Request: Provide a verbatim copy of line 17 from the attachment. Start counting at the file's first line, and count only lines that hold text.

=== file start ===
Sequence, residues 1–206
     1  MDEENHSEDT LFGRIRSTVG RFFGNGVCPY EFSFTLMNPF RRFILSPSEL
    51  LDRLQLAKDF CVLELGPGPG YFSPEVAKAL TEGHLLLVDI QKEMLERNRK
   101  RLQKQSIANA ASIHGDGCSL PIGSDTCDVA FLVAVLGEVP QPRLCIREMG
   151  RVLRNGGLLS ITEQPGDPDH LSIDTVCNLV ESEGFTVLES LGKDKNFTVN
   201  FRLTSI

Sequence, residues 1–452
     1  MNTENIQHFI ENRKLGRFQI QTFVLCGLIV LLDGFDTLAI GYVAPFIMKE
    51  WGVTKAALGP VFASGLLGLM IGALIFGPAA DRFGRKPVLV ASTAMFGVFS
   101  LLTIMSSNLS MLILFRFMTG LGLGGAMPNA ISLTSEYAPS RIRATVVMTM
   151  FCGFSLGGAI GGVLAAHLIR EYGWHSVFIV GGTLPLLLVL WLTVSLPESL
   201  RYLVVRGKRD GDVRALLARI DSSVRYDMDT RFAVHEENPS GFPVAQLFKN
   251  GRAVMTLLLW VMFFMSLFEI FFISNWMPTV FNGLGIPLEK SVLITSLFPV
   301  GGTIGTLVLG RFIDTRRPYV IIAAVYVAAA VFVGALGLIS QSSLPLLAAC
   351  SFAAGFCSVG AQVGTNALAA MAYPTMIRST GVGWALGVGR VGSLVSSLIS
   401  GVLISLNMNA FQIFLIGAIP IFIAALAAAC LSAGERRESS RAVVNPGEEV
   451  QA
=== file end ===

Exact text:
   451  QA